We left for Petrograd one Thursday evening, on the Siberian Weekly Express. The station is one of the finest in the East, but inside was a dirty, swarming mass of soldiers, provocators, and thieves, filling up every nook and corner of restaurant, waiting-room, and platforms. The majority were trying to arrange last-minute passage, or were there merely for the sake of loafing and making trouble. A Russian officer told me that we were more fortunate than the members of the Root Commission, whose train was despatched in secret from a point outside the station, for fear of a demonstration against the "American bourgeoisie."

At Harbin, twenty-four hours from Vladivostok, there was a lively hustling by the porters, trainmen, and many passengers, to load up with great quantities of Japanese loaf-sugar and all manner of non-spoilable foods. This, I learned, was the regular practice—people making the long trip for the sole purpose of smuggling across the Manchurian border thousands of rubles' worth of necessities for the hunger-stricken cities of Russia.

Among the passengers was Major D———, a Scotchman, born and bred in Russia. He always read the Siberian papers as we received them along the way, and often related tales of the plains he knew so well.

The major pointed out one station where several men had recently been killed by order of workmen who had come from the cities and found that too little had been changed from the old routine. Faded, torn red flags floated from every station. The old station-masters, however, have never been removed. They still dress in their bulky black coats, and go about their business, leaving politics to those who have more time. The Bolsheviki have recognized, as did the Kerensky officials, that there was one institution it was unwise to interfere with too much; and so the trains have been left free to go along under their own momentum as long as they will.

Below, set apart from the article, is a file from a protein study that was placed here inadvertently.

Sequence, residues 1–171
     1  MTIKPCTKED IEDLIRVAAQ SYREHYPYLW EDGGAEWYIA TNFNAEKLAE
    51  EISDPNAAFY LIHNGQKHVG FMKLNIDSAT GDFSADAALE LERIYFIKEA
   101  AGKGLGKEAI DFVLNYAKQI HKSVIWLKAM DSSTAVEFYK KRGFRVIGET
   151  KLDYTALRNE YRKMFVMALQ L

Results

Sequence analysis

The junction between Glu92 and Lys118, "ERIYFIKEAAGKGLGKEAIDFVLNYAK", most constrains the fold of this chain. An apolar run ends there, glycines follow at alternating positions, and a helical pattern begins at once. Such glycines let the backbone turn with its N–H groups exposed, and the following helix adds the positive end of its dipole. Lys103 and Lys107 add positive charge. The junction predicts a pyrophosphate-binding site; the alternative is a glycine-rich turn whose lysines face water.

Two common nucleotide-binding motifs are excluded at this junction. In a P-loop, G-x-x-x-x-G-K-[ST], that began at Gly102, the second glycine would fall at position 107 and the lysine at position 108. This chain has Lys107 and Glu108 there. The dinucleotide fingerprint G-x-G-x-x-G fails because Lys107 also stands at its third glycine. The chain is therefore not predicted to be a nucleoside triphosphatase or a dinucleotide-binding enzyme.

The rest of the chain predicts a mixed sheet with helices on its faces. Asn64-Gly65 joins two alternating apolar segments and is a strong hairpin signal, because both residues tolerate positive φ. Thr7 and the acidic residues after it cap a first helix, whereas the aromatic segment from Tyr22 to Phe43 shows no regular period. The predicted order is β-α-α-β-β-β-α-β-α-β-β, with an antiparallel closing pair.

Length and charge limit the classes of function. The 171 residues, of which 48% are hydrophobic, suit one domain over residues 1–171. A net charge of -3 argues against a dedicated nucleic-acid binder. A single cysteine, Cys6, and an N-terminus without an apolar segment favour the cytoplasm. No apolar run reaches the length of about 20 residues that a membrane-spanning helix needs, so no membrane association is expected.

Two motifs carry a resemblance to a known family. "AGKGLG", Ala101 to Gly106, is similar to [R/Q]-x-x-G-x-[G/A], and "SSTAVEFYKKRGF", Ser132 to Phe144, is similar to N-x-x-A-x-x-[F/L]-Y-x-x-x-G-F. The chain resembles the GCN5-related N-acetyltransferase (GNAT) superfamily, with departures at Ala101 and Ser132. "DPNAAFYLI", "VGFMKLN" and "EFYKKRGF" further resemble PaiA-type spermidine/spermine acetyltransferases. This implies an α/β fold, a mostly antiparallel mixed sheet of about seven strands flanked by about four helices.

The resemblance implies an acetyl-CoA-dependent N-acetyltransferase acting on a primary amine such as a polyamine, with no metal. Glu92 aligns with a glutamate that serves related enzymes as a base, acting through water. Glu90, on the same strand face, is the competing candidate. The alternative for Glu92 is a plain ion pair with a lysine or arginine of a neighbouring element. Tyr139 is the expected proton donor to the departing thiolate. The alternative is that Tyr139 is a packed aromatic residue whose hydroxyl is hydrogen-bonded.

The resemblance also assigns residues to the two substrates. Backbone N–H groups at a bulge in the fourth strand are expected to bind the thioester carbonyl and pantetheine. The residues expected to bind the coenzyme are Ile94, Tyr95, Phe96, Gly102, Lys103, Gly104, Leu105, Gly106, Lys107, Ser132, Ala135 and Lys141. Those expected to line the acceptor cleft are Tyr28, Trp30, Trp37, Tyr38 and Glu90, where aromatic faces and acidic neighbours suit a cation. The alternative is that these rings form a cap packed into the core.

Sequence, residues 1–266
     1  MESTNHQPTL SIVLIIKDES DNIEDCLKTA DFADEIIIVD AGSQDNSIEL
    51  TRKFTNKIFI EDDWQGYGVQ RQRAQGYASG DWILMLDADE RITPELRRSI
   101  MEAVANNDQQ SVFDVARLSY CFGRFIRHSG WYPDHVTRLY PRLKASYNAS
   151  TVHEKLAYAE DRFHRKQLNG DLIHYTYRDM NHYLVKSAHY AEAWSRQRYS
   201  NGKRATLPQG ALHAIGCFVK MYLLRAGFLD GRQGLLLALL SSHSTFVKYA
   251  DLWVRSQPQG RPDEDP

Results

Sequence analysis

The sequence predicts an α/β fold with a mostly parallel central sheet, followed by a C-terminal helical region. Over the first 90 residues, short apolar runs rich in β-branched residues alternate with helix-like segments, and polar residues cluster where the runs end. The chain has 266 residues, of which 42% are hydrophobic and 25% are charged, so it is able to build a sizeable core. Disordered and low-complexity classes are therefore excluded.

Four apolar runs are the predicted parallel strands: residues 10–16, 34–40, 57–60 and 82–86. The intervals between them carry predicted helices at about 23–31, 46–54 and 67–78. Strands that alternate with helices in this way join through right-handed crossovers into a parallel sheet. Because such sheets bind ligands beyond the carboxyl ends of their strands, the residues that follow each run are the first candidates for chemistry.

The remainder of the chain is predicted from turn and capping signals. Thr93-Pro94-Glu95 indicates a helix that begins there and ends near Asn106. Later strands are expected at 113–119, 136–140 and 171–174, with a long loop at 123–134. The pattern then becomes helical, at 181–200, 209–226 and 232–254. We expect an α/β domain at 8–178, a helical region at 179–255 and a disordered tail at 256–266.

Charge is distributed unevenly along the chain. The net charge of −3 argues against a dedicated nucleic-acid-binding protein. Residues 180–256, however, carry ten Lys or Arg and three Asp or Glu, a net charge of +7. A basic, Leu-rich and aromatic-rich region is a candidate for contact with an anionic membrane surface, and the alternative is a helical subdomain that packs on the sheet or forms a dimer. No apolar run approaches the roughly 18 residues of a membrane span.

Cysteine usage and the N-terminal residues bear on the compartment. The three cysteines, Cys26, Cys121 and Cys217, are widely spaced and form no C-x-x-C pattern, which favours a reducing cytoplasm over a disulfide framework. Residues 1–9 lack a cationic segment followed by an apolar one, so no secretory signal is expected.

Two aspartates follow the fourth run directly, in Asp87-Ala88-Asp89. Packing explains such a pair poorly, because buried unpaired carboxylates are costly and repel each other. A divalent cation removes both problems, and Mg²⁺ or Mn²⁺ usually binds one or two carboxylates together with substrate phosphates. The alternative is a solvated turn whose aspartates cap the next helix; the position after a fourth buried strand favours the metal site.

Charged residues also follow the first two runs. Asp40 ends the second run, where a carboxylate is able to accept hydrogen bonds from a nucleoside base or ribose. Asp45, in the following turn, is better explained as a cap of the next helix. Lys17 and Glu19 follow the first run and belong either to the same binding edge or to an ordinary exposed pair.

We found most of the German prisoners quartered in the east; the Russians had taken no chance of their walking home. They were all securely interned and strictly watched. At Krasniarsk, a Danish prison-worker told us that he was looking after six thousand soldiers and four thousand officers. He remarked that they were receiving the same food rations as the poor classes in Petrograd, and they didn't have to stand in line all night to get it.

" But the men go mad without work," he added, "so I secured for many the privilege of helping on the streets. The Russian soldiers are really jealous, but they won't do the work themselves."

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